Hackers have discovered a way around the in-built protections against modification on the Android-based T-Mobile G2 smartphone, finally enabling a permanent 'root' on the device.
Despite assurances from T-Mobile that such a thing was impossible due to "a side effect of HTC's security measure [which means] these modifications are temporary and cannot be saved to permanent memory," hackers have successfully managed to write their code to the permanent memory of the device.
'Rooting', the Android equivalent to 'jailbreaking' on iOS-based devices like the iPhone and iPod Touch, allows advanced users to gain access to parts of the operating system that are otherwise unavailable and install software that can perform operations which are officially not allowed by Google.
The lack of a permanent root solution had left users wanting more advanced access to their phone having to re-root the device each time it was restarted, which T-Mobile claimed was due to "a security measure [designed] to prevent key operating system software from becoming corrupted."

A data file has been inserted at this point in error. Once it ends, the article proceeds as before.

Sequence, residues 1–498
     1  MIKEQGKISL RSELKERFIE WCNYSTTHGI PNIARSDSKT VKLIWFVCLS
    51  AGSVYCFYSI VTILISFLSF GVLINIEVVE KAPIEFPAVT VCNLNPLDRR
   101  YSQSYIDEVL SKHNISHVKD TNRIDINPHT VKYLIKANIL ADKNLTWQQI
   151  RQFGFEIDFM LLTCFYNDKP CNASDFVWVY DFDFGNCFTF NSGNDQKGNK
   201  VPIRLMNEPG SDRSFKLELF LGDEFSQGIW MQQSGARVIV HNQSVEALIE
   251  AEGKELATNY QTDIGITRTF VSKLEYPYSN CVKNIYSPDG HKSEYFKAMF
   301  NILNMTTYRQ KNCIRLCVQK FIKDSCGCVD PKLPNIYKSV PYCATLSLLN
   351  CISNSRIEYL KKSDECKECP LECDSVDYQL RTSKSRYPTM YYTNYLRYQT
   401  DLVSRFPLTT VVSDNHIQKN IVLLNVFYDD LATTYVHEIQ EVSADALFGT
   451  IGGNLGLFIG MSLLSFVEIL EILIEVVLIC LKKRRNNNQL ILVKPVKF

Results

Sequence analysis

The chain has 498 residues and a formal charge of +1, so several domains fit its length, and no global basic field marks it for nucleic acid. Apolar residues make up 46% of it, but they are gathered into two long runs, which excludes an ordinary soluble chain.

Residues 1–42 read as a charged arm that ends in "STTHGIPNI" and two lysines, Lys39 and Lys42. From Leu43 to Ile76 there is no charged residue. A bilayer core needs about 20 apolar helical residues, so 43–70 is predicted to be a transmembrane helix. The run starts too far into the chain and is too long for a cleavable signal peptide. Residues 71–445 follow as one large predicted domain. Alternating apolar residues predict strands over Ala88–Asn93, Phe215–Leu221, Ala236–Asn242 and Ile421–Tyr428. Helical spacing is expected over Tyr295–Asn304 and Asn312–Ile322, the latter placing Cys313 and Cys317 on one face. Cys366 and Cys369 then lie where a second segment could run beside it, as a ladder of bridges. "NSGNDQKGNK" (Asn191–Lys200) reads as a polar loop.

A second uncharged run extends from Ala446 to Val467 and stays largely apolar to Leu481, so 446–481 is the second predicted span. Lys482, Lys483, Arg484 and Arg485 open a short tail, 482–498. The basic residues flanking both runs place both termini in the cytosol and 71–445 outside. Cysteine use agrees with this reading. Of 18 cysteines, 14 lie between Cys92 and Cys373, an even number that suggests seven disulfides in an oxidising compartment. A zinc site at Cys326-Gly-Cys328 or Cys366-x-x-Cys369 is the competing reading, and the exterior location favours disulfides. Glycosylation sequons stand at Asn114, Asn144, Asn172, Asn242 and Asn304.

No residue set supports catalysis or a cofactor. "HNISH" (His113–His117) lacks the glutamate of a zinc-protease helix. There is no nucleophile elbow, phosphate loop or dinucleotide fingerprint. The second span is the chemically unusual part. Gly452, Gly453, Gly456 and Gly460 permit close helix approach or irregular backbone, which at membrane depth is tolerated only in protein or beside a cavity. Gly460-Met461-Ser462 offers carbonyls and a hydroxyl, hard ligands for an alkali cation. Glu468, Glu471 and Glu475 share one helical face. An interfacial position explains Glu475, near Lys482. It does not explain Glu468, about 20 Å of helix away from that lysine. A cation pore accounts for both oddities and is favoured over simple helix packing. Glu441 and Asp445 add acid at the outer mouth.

Now, however, the protections have been bypassed and a way to permanently modify the G2 has been finalised by the clever tinkerers over at the XDA-Developers Forums.
In a forum posting, a seven-step process - due to be automated in a simple software download some time in the near future - is outlined, following the discovery of a 'kernel module attack' against the Android implementation on the G2, which allows hackers to write to the internal memory rather than the cache memory which wipes on reboot.
The news will come as a blow to T-Mobile, which appeared convinced that it had managed to prevent rooting on its latest handset, but a major relief to G2 owners who had purchased the device with the specific intentions of rooting it.